It didn't trouble me in the least. Jonathan Aitken is (1) one of the cleverest politicians I have ever seen in a witness box, (2) one of the cleverest MEN I've ever seen in the witness box, (3) one of the most scrupulously prepared men ever in the witness box.

PAXMAN:
I was thinking more of the outcome of a case could be predicated upon who was appearing for whom.

CARMAN:
This has been a subject of endless debate of the law. Some of the great advocates of the past have put it as low as 10% differential, some have said as high as 50%. At the end of the day I wouldn't deny that the role of the advocate plays some significant part.

PAXMAN:
Does it bother you that you have this image as a horrid man?

CARMAN:
Oh, I didn't know I had that!

PAXMAN:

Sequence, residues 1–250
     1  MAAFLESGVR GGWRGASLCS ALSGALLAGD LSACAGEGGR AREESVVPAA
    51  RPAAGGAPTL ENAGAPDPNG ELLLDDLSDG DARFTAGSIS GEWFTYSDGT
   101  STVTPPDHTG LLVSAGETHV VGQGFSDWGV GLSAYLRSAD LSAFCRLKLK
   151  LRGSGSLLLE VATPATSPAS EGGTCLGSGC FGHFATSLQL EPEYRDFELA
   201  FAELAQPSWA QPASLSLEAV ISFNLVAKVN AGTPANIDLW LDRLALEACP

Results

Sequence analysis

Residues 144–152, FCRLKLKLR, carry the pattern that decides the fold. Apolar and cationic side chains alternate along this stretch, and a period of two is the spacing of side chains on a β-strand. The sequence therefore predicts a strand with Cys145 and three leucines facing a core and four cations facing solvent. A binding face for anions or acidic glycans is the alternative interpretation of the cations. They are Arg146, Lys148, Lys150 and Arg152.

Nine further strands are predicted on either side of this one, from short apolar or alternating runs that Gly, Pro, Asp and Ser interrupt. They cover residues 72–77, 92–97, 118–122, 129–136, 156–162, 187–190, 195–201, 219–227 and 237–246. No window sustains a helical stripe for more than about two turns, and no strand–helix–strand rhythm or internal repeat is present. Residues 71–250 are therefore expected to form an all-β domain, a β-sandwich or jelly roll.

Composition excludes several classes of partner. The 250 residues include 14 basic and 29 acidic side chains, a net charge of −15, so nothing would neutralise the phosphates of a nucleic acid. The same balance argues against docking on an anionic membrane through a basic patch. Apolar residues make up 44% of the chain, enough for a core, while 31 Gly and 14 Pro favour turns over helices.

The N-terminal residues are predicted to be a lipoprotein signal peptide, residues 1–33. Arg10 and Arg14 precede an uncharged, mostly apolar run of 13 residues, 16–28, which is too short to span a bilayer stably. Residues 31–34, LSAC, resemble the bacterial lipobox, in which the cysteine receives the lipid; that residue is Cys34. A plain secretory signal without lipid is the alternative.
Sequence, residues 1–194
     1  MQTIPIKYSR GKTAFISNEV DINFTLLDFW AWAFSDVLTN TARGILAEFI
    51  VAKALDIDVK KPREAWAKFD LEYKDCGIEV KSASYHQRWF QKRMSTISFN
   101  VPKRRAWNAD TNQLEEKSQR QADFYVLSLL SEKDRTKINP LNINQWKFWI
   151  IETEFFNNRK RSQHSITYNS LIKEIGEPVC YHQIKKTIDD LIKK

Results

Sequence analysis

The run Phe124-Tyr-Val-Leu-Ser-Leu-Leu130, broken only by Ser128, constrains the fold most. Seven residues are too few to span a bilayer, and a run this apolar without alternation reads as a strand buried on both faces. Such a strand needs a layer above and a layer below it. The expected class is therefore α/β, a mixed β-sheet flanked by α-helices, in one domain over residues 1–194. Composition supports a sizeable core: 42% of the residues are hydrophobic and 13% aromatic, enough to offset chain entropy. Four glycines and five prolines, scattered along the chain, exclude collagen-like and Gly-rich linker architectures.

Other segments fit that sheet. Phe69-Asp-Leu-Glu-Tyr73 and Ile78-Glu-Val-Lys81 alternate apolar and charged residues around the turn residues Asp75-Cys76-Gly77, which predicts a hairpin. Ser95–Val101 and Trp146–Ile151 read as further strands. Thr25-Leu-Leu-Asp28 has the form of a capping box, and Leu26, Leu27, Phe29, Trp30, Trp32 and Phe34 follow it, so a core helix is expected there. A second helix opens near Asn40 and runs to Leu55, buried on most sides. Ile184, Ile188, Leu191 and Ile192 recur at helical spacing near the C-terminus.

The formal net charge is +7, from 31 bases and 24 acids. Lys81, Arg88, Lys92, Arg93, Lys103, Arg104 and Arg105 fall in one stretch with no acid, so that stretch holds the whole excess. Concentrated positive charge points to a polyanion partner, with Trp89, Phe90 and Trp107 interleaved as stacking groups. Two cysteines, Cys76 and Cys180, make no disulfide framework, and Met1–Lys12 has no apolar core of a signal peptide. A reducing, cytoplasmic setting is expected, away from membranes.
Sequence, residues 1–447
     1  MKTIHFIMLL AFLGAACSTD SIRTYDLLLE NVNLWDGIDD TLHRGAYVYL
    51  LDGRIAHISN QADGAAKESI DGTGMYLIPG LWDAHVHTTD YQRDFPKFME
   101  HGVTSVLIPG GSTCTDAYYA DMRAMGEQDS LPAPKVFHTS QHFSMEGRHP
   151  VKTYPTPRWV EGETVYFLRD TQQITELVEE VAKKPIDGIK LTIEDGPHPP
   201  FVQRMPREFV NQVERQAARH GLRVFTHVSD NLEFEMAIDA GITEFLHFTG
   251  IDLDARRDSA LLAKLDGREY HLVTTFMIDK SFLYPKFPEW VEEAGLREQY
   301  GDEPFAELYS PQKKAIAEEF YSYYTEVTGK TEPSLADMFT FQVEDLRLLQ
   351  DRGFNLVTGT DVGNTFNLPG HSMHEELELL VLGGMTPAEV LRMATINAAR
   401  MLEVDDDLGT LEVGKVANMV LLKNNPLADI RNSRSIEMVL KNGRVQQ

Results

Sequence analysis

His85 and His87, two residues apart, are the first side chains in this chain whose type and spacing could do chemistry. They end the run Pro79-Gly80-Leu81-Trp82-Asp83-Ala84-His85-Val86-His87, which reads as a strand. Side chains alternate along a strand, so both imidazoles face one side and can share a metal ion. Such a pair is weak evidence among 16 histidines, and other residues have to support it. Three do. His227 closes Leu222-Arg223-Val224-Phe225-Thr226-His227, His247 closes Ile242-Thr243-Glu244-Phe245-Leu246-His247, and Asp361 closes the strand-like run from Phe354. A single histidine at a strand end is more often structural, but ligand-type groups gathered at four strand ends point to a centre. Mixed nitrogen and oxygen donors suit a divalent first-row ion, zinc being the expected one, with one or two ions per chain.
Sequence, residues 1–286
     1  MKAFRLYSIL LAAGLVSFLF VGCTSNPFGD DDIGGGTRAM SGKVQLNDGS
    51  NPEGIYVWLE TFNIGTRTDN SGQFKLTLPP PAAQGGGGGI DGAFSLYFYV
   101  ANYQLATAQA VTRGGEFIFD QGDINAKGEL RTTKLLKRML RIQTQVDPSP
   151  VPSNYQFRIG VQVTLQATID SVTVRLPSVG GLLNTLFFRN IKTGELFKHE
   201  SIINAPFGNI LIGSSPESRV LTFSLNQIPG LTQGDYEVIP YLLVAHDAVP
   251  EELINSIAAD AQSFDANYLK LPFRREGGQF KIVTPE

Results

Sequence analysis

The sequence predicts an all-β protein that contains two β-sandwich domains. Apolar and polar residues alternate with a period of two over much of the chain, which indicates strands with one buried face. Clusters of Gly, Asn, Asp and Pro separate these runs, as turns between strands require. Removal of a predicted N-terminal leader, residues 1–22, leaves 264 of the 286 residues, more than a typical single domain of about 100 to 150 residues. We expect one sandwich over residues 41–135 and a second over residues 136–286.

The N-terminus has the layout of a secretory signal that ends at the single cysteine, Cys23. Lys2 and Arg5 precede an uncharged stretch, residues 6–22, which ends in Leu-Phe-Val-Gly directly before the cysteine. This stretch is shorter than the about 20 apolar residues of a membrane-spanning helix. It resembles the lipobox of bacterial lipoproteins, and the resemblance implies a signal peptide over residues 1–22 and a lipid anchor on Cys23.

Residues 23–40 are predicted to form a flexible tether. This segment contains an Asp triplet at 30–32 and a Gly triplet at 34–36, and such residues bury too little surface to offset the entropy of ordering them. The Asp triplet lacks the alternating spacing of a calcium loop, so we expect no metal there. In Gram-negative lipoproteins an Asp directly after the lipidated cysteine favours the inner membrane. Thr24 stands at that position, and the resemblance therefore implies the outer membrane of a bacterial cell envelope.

People are frightened of you.

CARMAN:
People are frightened. I think there is a difference between people being afraid of being cross-examined in a courtroom and people regarding you as a horrid man.

PAXMAN:
I'm not suggesting personally, they don't know you.

CARMAN:
Of course not. But the horrid man image would come from the mistaken idea that the barrister is there bullying people all the time, leaning on them unfairly, taking advantage of them in the witness box. That's the way to lose a case. If you have a simple, truthful person, you can never bully them into changing their story if they're telling the truth. The technique to be used in questioning people will vary enormously. If they think they can stand up to it - like an Aitken, or like a Neil Hamilton, who had been a government minister, fluent speaker, intelligent man, barrister, and so on - those people can well take it on the chin and hit back. But, of course, if you have a more simple soul, you don't lean on them. You ask questions that may probe, but you don't want the jury ever to think that you are being unfair or oppressive.